“You’re okay, just breathe,” I thought to myself, but louder voices overpowered mine, reprimanding me for eating a sandwich and feeling full while in a bathing suit. Feeling full has always set me off. If I'm not empty, I'm anxious. I felt so much and nothing all at once. Surrounded by friends, I felt completely alone.
Later that night, I was so zonked out on anti-anxiety medications that I couldn’t make it to a birthday party. This was only the beginning of leaving early and missing out because of my eating disorder and its intimate relationship with anxiety.
I’m not alone, though, two-thirds of people suffering from an eating disorder also suffer from an anxiety disorder, according to the Anxiety and Depression Association of America, which isn’t surprising considering that an eating disorder thrives on the need to control.
“The experience of anxiety within the context of an eating disorder can be hard to tolerate and can lead to avoidance,” says Deborah R. Glasofer, Ph.D., Clinical Psychologist, Columbia Center for Eating Disorders, New York State Psychiatric Institute. “For someone with an eating disorder, that might mean not eating certain foods or being in certain social situations or not looking in the mirror.”
The two disorders have a well-established psychological link, but there still is not a clear understanding of the systematic interplay between the two, says Glasofer.
Recent research suggests that a predisposition to anxiety may be related to abnormal activity of serotonin, a chemical in the brain responsible for regulating mood, and that people who develop eating disorders tend to have this abnormal serotonin activity, too, according to Ashley Solomon, Psy.D., a clinical psychologist and executive clinical director of Eating Recovery Center, Ohio.
While recovery is possible through various kinds of therapy and medications, it’s a big obstacle. Some women use food restriction as a way to cope with anxiety, and if their coping mechanism is no longer available, intense anxiety may come rushing back.
“One thing we find is that people who recover from eating disorders may still have the high anxiety and driven mentality and start channeling that into new ‘obsessions,’ such as school or work,” Solomon says. “At the end of the day, true recovery means that my behavior isn’t compulsive or driven by an attempt to avoid feeling anxious.”
Sara, 24, says her anorexia developed as a way to cope with her anxiety. Apprehensive thoughts prevented her from performing simple tasks like calling someone on the phone or going into the store, and at times her professional reputation at work was damaged.
“I would get so anxious about going into work for my shift that I could not handle it, and I would make up excuses, usually lies, as to why I could not come in,” she says. “In the depths of my eating disorder, I could not hold a job for long not only because my poor health or lack of strength, but I would be so self conscious about how I looked and felt in my body that I was a liability when I couldn’t perform at my best.”
Liz, 30, who has EDNOS—eating disorder not otherwise specified, which means she exhibits disordered eating that doesn't fall under a label like “anorexia” or “bulimia”—experienced similar circumstances.
“The idea of starting to eat more or different foods feels just as threatening as jumping out of an airplane of watching spiders crawl all over one’s body,” Solomon says. “In this way, the anxiety both predisposes someone to develop eating disorder symptoms, and helps to keep the symptoms going. It becomes a cycle that the person often feels they just can’t escape.”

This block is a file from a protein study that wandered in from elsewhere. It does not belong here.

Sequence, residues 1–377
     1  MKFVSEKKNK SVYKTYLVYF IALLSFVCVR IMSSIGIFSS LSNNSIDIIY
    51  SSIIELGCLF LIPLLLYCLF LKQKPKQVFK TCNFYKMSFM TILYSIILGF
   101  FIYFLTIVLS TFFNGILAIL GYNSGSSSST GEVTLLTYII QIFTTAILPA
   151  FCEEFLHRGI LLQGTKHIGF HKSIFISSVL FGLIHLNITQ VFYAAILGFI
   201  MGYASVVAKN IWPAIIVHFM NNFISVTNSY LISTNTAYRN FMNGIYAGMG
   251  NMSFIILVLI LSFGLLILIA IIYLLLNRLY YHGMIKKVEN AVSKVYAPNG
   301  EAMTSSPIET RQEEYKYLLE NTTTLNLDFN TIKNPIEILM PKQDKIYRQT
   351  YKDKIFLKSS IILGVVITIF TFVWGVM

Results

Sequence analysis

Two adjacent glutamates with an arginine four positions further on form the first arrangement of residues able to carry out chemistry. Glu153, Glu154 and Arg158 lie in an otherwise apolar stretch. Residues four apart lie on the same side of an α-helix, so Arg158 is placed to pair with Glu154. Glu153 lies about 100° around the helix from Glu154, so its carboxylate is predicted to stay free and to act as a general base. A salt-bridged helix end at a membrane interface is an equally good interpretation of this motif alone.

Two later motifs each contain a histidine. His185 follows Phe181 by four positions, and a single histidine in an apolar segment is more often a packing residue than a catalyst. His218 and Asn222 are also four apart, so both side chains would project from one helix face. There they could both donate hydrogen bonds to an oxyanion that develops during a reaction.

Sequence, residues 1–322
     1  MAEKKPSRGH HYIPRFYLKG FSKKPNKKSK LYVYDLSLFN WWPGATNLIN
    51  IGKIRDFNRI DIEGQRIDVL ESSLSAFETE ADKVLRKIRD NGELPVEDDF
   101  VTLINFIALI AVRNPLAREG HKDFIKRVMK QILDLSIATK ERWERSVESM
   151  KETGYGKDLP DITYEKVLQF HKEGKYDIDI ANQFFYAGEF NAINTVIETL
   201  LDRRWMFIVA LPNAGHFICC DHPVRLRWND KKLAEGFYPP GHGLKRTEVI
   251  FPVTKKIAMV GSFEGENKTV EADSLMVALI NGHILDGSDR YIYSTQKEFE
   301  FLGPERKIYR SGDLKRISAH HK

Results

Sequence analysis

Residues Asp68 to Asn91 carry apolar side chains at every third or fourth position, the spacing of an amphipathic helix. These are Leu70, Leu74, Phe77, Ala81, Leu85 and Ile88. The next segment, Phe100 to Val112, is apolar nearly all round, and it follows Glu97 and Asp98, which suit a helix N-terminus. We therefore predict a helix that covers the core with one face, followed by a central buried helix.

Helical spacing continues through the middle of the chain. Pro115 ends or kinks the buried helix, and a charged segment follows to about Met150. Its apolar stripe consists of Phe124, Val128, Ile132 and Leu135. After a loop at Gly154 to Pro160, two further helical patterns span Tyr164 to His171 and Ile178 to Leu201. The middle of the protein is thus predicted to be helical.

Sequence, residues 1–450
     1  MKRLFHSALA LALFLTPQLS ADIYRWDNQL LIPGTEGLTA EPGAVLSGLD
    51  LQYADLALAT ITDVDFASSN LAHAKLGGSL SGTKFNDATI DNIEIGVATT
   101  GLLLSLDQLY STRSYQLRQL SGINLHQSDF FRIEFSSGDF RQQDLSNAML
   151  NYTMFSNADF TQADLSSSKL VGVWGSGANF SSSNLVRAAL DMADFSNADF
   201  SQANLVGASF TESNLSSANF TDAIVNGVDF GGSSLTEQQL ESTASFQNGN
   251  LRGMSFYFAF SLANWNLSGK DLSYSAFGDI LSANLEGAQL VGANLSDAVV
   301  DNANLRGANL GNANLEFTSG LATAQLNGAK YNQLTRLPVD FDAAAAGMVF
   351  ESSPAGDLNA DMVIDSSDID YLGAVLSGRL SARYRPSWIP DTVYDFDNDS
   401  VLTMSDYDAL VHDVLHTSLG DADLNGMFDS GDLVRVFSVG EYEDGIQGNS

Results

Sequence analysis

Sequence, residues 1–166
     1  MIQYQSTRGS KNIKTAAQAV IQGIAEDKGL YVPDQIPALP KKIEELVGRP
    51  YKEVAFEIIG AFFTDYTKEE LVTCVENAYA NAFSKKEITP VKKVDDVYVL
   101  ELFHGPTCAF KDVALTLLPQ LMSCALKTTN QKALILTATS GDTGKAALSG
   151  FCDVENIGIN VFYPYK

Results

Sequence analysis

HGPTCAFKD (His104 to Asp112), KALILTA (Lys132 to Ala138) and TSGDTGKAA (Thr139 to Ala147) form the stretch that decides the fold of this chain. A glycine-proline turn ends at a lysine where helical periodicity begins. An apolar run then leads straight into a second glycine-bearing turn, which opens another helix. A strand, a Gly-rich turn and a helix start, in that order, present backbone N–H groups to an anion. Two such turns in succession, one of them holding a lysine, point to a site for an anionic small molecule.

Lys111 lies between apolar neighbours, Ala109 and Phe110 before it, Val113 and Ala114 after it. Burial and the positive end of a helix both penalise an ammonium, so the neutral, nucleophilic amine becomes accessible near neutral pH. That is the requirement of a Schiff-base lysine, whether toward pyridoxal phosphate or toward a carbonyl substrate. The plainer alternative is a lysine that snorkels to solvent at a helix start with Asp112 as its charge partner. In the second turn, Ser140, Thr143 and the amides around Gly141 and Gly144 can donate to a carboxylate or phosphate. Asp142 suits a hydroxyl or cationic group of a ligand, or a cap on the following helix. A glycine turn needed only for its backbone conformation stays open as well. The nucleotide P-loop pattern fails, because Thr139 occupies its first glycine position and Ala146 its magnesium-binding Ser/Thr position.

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The cycle can worsen when individuals isolate because anxiety and eating disorders tend to thrive in isolation.
“I have lost friends, and even a boyfriend,” Liz says. “At times I would cancel plans again and again to the point that they think I don’t want to be friends with them or don’t want to see them—when the reality is that my anxiety makes it hard to leave the house.”
Sara says it was her relationship with herself that was most damaged, though.
“I like to think of myself as a very easygoing, fun-loving woman who loves to get outdoors and laugh, but my eating disorder removed all emotions from the surface,” she says.
Social media has only made the struggles between eating disorders and anxiety worse.
This yoga pose can help you breathe easier:
Glasofer says that, though the hyper-connectivity of our society is of little help to those with anxiety and eating disorders, we can begin to think creatively about using these technologies to our advantage.
“Research into these avenues—allowing virtual connectivity to help someone with social anxiety, for example, creating recovery forums for people who have had eating disorders, or using apps to get well or stay well from these kinds of disorders—is very exciting, but still in its relative infancy,” says Glasofer.
For Liz, the hardest thing about recovery has been feeling her emotions after 12 years of using disordered eating to mask them.
“I know I’m not in a place where I’m using my behaviors as much, and it’s scary to figure out what to do with my feelings without using behaviors,” she says.
She recalls a journal entry she recently wrote and how she couldn’t bring herself to use the word “happy.”
“I was afraid to let myself be happy or even admit it because it’s been so long that I don’t remember what it feels like,” she says. “But I’ve begun to realize it’s okay to say it, and to admit it, and it’s okay that it has taken a long time to get there.”
As for me, I still struggle. I’ve missed a birthday dinner here and there. Like Liz though, I remember that it’s okay to be happy, and then I let myself feel it. On those days, I succeed.